Wexted Advisors discusses why distressed retailers must explore all restructure and turnaround options to survive.
With the difficult conditions that have plagued the retail industry over the past twelve months, retailers must consider all restructuring options before it is too late.
COVID-19 has unfortunately resulted in reduced foot traffic, store closures, the accumulation of legacy creditors and significant deteriorations in working capital positions.
Even with the support of JobKeeper amongst other government initiatives, many retail businesses will continue to struggle in 2021.
The misconceptions of formal restructures
Restructuring processes and reaching out for external help can appear scary and is often seen as something to be avoided at all costs, but Raj Goyal from Wexted Advisors explains that, "retailers will not be on their own in dealing with the difficult conditions in the short term future.
"We do not want to see business fail due to a lack of information about their options."
There are always options available, however the longer a company holds off, the more a business and its options will deteriorate.
If companies act early, options include informal arrangements, safe harbour, voluntary administration and now, the new small business restructuring reforms.
With the availability of several options and the right people involved, there is no reason why a financially distressed company cannot survive and thrive in the future.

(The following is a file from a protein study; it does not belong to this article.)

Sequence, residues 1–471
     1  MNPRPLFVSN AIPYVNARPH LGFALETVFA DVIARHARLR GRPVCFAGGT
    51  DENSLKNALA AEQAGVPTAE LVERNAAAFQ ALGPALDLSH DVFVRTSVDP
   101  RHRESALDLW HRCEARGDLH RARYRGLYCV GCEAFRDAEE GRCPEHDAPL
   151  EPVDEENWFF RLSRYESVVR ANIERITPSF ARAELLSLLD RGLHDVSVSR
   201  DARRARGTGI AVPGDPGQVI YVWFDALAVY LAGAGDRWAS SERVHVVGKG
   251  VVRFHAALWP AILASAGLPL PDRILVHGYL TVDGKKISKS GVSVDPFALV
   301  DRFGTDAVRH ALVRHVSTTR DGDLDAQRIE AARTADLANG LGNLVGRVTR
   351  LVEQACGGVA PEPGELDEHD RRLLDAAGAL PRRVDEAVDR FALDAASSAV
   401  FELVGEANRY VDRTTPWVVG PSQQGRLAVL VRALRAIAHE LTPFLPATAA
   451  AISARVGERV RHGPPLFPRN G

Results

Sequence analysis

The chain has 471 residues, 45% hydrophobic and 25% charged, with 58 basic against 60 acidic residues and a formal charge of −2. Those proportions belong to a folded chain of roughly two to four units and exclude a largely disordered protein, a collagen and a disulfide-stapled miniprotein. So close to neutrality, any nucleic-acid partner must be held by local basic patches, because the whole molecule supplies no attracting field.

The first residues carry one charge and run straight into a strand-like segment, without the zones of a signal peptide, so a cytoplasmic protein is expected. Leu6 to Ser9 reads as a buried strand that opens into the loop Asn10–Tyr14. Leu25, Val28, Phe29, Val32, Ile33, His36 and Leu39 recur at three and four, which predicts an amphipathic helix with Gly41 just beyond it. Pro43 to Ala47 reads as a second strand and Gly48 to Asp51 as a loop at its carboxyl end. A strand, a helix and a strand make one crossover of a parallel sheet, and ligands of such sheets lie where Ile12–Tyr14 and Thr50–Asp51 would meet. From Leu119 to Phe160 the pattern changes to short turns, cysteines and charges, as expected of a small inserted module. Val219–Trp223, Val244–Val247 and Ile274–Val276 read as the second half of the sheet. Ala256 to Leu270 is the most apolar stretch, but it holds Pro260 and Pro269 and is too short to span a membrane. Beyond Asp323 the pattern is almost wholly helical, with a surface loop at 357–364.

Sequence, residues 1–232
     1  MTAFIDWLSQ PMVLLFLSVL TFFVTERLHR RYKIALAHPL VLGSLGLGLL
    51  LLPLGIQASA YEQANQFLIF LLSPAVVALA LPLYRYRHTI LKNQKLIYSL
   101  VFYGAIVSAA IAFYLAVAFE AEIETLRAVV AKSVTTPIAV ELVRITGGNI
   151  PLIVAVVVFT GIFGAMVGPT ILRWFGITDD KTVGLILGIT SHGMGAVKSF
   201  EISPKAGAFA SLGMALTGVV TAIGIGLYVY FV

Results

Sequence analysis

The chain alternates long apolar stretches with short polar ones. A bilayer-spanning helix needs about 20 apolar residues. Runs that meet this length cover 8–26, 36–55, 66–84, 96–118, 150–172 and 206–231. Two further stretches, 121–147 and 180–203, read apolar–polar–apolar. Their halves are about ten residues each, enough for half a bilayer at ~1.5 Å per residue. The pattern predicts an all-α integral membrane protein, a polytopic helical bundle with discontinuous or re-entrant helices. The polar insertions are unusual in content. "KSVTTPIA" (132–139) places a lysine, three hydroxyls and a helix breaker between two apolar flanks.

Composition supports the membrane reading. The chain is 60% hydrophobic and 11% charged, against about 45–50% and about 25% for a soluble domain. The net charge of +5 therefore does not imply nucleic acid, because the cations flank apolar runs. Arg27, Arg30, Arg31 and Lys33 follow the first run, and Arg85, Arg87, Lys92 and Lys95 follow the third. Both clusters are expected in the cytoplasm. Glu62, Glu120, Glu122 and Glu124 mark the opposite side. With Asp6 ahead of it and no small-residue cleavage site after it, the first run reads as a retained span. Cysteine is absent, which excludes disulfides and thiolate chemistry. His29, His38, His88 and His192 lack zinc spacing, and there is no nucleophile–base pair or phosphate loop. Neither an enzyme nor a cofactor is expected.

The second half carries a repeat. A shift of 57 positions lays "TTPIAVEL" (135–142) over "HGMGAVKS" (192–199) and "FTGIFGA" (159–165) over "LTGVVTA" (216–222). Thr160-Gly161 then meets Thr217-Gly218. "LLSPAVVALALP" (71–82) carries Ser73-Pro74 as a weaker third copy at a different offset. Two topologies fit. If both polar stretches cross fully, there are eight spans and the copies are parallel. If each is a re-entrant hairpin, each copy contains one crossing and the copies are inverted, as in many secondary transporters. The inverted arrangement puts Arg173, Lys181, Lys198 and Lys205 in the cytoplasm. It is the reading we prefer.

Goyal explains that, "the same fundamentals apply from SME businesses to very large corporates and it is all about cashflow.
"All companies experience distress from time to time and often at no fault of their own.
"The ones that survive focus on cash, seek appropriate advice from trusted advisors at the right time and act on it."
Tuchuzy, a well-known retailer in Bondi, was successfully able to use the voluntary administration process as a restructuring tool, that allowed legacy creditors to be dealt with, a refocus on high margin product lines, and ultimately resulted in the company continuing to trade profitably.
Goyal explains that the key to Tuchuzy’s restructure was a ‘light touch’ administration to minimise costs and disruption to the business and working closely with the director to ensure the proposal submitted to her creditors would be acceptable than an immediate winding up scenario, which it was.
There is quite of lot of flexibility and breathing space afforded in the voluntary administration process.
The administrator can quickly reset the cost base by exiting unprofitable stores, reducing the workforce, and focusing on only buying and selling only positive margin products.
Even when a liquidation becomes necessary such as in case of Mon Purse, a well-known women’s handbag retailer, Goyal tells us that, "The process can be fairly quick, fair and transparent if run properly."
In this case a public sale process was carried out generating lot of interest and the business was eventually sold to the highest bidder, resulting in the brand continuing to exist and hopefully prospering in the future.